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UNveiled – U.S. Army TRADOC Report: The Battle for Sinjar, Iraq

U.S. Army TRADOC Report: The Battle for Sinjar, Iraq

Battle for Sinjar, Iraq

Page Count: 11 pages
Date: April 2016
Restriction: None
Originating Organization: U.S. Army, TRADOC G-2 ACE Threats Integration
File Type: pdf
File Size: 1,216,880 bytes
File Hash (SHA-256): BABCBF1726FA96A35298B2B84BECABB7AFC5AE61ECD5D285BBAA67F70819B18F

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In the summer of 2014, ISIL forces pushed Peshmerga forces from key areas in Nineveh province, Iraq, threatening the government seat of the Kurdistan Regional Government (KRG) in Erbil and capturing Mosul.

Pressure to respond to a growing humanitarian crisis, fueled by media coverage of Sinjar’s Yazidis fleeing ISIL violence, led to calls for an international response that included US and allied bombing of ISIL positions.

ISIL mitigated the effects of bombing by building a sophisticated network of tunnels that connected key buildings.

ISIL used marksmen, snipers, ambushes, improvised explosive devices (IEDs), and suicide bombers to slow the Kurdish advance, but eventually conserved most of its force by exfiltrating the area and not engaging in a decisive battle.

In November 2015, an alliance of Kurdish factions resulted in recapturing ISIL-held territory in Nineveh province—including Sinjar, which sits on ISIL’s Highway 47 supply route connecting ISIL-held Raqqa, Syria, and Mosul Iraq.

While successful in Sinjar, the alliance of the KRG’s Peshmerga, Kurdistan Worker’s Party (PKK), the Syrian Popular Protection Unit (YPG), and Yazidi militias (YBS) is fraught with ISIL-exploitable fault lines.

This Tactical Action Report (TAR) provides information on the capture and subsequent recapture of Sinjar, a town at the foot of the Sinjar Mountains. The Nineveh Offensive, of which Sinjar was a key target, led to the capture of a large part of northern Iraq and included the occupation of Mosul. ISIL pushed Peshmerga forces from the area and threatened Erbil, the government seat of the KRG in 2014. A growing humanitarian crisis developed as ISIL began purging villages in the Sinjar area of the minority group known as Yazidis. Thousands were killed, kidnapped, or forced to flee their homes. Many Yazidis retreated to the Sinjar Mountains where they were besieged by ISIL fighters. These circumstances led to President Barack Obama ordering air strikes to protect Erbil, where US military advisors were headquartered, and to relieve the displaced Yazidi civilians. Over a year later Peshmerga fighters, with the help of other Kurdish factions, pushed ISIL forces out of Sinjar and other surrounding areas and severed a key supply route connecting ISIL-held Raqqa, Syria, with Mosul, Iraq.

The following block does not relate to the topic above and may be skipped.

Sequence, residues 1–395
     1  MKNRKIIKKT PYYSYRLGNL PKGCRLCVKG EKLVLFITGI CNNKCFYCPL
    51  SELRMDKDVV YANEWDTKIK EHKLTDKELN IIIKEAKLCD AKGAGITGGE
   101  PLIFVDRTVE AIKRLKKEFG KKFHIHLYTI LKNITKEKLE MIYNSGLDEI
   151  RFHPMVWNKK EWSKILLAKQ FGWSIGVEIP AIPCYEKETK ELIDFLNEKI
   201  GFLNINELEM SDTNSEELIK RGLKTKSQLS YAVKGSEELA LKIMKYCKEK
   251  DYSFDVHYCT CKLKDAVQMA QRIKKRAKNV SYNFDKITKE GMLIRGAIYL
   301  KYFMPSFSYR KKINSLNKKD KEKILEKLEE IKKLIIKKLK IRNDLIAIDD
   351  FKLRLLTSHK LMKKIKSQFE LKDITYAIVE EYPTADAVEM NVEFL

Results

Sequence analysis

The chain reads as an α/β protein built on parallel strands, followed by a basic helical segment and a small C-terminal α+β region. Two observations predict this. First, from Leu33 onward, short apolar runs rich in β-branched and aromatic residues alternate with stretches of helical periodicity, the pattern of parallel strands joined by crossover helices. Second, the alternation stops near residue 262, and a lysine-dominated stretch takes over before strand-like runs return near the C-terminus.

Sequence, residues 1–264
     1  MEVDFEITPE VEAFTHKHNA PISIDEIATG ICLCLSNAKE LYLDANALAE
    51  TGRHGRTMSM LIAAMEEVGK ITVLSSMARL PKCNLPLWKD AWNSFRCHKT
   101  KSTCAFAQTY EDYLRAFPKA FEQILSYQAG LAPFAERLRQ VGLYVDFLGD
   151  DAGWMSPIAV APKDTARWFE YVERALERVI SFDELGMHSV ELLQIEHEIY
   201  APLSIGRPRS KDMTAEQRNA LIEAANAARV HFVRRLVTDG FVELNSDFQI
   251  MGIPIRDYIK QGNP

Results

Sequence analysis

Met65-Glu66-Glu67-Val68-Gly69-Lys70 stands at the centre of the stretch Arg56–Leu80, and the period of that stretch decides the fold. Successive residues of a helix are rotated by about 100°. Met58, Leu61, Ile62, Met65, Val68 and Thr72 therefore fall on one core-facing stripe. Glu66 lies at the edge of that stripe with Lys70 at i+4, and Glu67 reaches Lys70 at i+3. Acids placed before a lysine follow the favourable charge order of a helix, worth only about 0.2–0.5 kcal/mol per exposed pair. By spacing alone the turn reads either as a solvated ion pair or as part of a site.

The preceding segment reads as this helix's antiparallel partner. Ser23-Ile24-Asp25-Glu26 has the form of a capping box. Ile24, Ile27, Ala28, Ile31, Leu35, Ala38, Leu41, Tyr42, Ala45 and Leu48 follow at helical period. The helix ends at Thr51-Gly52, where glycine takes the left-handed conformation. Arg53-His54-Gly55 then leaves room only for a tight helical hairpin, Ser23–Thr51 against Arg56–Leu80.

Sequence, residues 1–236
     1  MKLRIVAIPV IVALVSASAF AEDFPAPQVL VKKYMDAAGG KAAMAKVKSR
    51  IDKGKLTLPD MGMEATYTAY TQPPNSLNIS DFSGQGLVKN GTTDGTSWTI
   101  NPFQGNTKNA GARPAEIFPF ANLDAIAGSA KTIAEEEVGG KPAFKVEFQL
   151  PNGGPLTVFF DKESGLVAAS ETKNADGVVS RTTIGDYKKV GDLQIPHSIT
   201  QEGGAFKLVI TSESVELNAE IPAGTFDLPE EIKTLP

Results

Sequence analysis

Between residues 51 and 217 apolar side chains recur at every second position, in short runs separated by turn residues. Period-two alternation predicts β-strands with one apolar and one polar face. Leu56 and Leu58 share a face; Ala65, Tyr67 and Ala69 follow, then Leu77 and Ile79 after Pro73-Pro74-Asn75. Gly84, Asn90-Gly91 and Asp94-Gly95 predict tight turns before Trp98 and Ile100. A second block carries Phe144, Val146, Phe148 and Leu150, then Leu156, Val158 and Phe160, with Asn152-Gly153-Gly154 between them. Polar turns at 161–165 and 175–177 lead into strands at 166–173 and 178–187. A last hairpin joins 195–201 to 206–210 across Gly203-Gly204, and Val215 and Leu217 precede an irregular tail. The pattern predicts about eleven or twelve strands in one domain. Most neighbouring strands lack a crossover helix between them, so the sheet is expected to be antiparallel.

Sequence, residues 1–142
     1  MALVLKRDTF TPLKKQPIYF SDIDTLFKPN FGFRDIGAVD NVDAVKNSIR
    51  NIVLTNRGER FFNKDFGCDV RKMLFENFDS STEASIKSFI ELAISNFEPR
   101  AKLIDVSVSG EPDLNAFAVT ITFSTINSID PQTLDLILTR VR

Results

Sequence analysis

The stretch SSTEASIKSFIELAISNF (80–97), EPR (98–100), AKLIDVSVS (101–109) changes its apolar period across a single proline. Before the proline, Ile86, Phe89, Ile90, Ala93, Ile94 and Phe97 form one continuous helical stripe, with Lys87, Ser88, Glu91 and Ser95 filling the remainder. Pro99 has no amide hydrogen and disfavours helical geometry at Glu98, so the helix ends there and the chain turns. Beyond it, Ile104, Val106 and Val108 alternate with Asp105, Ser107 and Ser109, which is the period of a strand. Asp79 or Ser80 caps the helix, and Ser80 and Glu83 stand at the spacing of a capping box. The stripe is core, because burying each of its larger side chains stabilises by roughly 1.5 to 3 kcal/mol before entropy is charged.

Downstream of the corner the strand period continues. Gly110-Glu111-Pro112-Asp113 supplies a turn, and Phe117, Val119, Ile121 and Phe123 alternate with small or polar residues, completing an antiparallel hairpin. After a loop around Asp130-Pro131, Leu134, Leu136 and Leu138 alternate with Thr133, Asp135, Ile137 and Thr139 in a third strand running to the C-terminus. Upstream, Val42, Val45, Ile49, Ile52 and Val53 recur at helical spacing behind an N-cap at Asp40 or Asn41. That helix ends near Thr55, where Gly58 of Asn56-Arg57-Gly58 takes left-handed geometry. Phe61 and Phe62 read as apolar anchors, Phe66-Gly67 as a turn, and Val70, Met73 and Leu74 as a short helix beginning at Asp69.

Operational Environment Background—Sinjar

Sinjar1 is a strategically-located Iraqi town in northwestern Nineveh province. It lies along a major ISIL east-west supply route that connects Mosul in Iraq with Raqqa in Syria—two important ISIL-held cities. Sinjar is approximately 52 km east of the Syrian border and 117 km west of Mosul. It is positioned at the foot of the Sinjar Mountains, an east-west mountain range rising 1,463 m above the surrounding alluvial steppe plains.

Sinjar is populated primarily by a Kurdish religious minority called the Yazidis. The Yazidis are particularly vulnerable to violence and persecution, having been the object of hatred for centuries because of their religious practices. Yazidis are ethnically Kurdish, but their religion combines elements of Islam, ancient Persian Zoroastrianism, and Eastern Mediterranean Mithraism. While Yazidis are monotheists, they believe in a fallen angel who serves as an intermediary between God and man. To Muslims, this intermediary resembles the Quranic devil. Yazidis are, therefore, considered devil worshippers by their Muslim neighbors. With isolated geography and a history of persecution, the Yazidis rarely intermarry and do not accept converts, further distinguishing themselves.

In June 2014, ISIL began an offensive in Nineveh province and captured Mosul, the second-largest city in Iraq, that same month. This ISIL victory gave momentum to a push throughout Kurdish Peshmerga-held Nineveh province. On 1 August 2014, ISIL attacked a Peshmerga unit in the town of Zumar, a small Kurdish-majority outpost 40 km northwest of Mosul. ISIL killed 14 Peshmerga soldiers, while the group sustained 100 casualties and 38 members were taken prisoner in the attack. On 2–3 August, in a serious setback for Kurdish Peshmerga soldiers, ISIL succeeded in taking three strategic towns: Zumar, Wana, and Sinjar. Zumar is an oil-rich area that also lies on a road leading to Syria; Wana is a town on the Tigris river within striking distance of the Mosul dam; and Sinjar is a town on a major supply line that connects ISIL-held Mosul in Iraq with ISIL-held Raqqa in Syria. The towns form a triangle west from Mosul to the borders of Syria and Turkey. The capture of these towns gave ISIL both momentum and proximity to seriously threaten those protecting the Mosul dam, which was temporarily captured and then lost by ISIL between 7–18 August.

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